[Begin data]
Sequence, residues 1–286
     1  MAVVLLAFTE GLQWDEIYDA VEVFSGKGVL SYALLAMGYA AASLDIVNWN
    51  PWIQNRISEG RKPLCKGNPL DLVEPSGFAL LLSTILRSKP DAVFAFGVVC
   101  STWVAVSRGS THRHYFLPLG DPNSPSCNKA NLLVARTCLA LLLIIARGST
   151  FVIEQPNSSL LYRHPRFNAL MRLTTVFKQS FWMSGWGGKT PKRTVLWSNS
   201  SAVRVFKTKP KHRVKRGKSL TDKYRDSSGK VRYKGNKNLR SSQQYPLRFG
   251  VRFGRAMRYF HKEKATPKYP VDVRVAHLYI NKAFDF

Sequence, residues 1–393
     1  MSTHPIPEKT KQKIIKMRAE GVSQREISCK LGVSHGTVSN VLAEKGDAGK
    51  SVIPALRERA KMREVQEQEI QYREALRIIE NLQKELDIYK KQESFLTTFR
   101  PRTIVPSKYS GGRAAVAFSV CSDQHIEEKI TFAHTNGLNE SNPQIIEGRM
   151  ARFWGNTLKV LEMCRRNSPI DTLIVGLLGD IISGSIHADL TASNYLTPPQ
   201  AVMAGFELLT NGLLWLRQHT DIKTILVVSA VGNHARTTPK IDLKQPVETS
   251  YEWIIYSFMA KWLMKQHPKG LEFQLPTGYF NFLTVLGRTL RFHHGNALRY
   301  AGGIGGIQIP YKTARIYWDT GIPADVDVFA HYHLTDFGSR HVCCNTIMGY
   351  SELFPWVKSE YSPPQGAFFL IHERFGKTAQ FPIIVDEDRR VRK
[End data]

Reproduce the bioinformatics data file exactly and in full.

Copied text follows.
Sequence, residues 1–286
     1  MAVVLLAFTE GLQWDEIYDA VEVFSGKGVL SYALLAMGYA AASLDIVNWN
    51  PWIQNRISEG RKPLCKGNPL DLVEPSGFAL LLSTILRSKP DAVFAFGVVC
   101  STWVAVSRGS THRHYFLPLG DPNSPSCNKA NLLVARTCLA LLLIIARGST
   151  FVIEQPNSSL LYRHPRFNAL MRLTTVFKQS FWMSGWGGKT PKRTVLWSNS
   201  SAVRVFKTKP KHRVKRGKSL TDKYRDSSGK VRYKGNKNLR SSQQYPLRFG
   251  VRFGRAMRYF HKEKATPKYP VDVRVAHLYI NKAFDF

Sequence, residues 1–393
     1  MSTHPIPEKT KQKIIKMRAE GVSQREISCK LGVSHGTVSN VLAEKGDAGK
    51  SVIPALRERA KMREVQEQEI QYREALRIIE NLQKELDIYK KQESFLTTFR
   101  PRTIVPSKYS GGRAAVAFSV CSDQHIEEKI TFAHTNGLNE SNPQIIEGRM
   151  ARFWGNTLKV LEMCRRNSPI DTLIVGLLGD IISGSIHADL TASNYLTPPQ
   201  AVMAGFELLT NGLLWLRQHT DIKTILVVSA VGNHARTTPK IDLKQPVETS
   251  YEWIIYSFMA KWLMKQHPKG LEFQLPTGYF NFLTVLGRTL RFHHGNALRY
   301  AGGIGGIQIP YKTARIYWDT GIPADVDVFA HYHLTDFGSR HVCCNTIMGY
   351  SELFPWVKSE YSPPQGAFFL IHERFGKTAQ FPIIVDEDRR VRK